Unprecedented plant species loss after a decade in fragmented subtropical Chaco Serrano forests.
Aguirre Acosta, Natalia
Carbone, Lucas Manuel
Albrieu Llinás, Guillermo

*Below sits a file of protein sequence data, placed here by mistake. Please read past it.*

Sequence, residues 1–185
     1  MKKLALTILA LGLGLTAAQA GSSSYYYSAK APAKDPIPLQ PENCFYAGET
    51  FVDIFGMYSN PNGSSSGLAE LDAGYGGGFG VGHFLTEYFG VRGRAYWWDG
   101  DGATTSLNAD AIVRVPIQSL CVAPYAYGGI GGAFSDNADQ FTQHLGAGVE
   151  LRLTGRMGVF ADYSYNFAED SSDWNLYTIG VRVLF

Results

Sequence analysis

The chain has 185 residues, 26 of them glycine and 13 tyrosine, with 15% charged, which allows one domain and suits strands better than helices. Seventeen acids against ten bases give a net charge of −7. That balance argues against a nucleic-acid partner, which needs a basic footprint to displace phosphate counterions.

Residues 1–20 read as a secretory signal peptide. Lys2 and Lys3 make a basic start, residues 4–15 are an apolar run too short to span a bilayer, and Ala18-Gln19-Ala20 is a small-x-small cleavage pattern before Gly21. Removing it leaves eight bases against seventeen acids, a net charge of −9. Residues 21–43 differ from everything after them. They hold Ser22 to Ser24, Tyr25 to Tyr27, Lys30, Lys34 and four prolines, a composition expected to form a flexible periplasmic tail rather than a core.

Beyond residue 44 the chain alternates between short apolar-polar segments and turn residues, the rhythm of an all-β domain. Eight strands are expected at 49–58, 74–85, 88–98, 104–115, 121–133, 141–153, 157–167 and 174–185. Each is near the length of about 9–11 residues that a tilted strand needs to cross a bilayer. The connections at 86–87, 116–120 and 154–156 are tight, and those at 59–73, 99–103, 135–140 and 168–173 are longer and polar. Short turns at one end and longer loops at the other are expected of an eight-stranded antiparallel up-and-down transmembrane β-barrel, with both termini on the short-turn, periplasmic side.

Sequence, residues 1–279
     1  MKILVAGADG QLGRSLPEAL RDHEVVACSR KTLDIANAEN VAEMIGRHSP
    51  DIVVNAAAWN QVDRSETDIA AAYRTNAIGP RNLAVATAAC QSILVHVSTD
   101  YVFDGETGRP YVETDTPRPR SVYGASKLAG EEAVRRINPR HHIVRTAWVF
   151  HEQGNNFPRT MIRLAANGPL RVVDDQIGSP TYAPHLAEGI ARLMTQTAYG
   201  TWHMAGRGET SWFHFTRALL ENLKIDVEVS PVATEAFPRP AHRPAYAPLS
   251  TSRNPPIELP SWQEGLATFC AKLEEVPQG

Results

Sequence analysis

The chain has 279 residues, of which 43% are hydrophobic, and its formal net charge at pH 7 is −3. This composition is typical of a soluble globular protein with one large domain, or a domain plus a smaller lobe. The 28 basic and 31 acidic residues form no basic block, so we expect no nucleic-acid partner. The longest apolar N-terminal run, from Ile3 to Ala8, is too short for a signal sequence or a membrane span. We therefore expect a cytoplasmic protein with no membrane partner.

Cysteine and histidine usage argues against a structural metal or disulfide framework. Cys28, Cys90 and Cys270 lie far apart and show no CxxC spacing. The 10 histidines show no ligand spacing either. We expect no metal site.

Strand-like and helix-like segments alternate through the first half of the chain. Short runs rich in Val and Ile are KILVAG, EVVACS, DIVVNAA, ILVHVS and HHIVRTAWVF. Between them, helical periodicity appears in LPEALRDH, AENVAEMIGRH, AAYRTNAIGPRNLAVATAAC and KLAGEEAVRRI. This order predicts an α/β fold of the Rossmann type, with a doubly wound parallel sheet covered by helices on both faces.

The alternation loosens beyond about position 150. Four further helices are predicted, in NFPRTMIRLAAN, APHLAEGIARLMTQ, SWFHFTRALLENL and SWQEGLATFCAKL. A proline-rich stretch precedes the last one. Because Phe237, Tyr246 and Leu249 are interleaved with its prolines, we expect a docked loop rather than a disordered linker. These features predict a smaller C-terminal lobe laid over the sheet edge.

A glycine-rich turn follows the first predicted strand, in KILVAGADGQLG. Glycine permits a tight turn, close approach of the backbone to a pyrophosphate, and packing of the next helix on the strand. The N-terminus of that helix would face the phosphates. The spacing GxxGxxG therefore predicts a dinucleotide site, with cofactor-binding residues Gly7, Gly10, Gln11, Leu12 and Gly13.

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Current biodiversity loss is mostly caused by anthropogenic habitat loss and fragmentation, climate change, and resource exploitation. Measuring the balance of species loss and gain in remaining fragmented landscapes throughout time entails a central research challenge. We resurveyed in 2013 plant species richness in the same plots of a previous sampling conducted in 2003 across 18 forest fragments of different sizes of the Chaco Serrano forest in Argentina. While the area of these forest remnants was kept constant, their surrounding forest cover changed over this time period. We compared plant species richness of both sampling years and calculated the proportion of species loss and gain at forest edges and interiors. As in 2003, we found a positive relationship between fragment area and plant richness in 2013 and both years showed a similar slope. However, we detected a net decrease of 24% of species’ richness across all forest fragments, implying an unprecedentedly high rate and magnitude of species loss driven mainly by non-woody, short-lived species. There was a higher proportion of lost and gained species at forest edges than in forest interiors. Importantly, fragment area interacted with percent change in surrounding forest cover to explain the proportion of species lost. Small forest fragments showed a relatively constant proportion of species loss regardless of any changes in surrounding forest cover, whereas in larger fragments the proportion of species lost increased when surrounding forest cover decreased. We show that despite preserving fragment area, habitat quality and availability in the surroundings is of fundamental importance in shaping extinction and immigration dynamics of plant species at any given forest remnant. Because the Chaco Serrano forest has already lost 94% of its original cover, we argue that plant extinctions will continue through the coming decades unless active management actions are taken to increase native forest areas.
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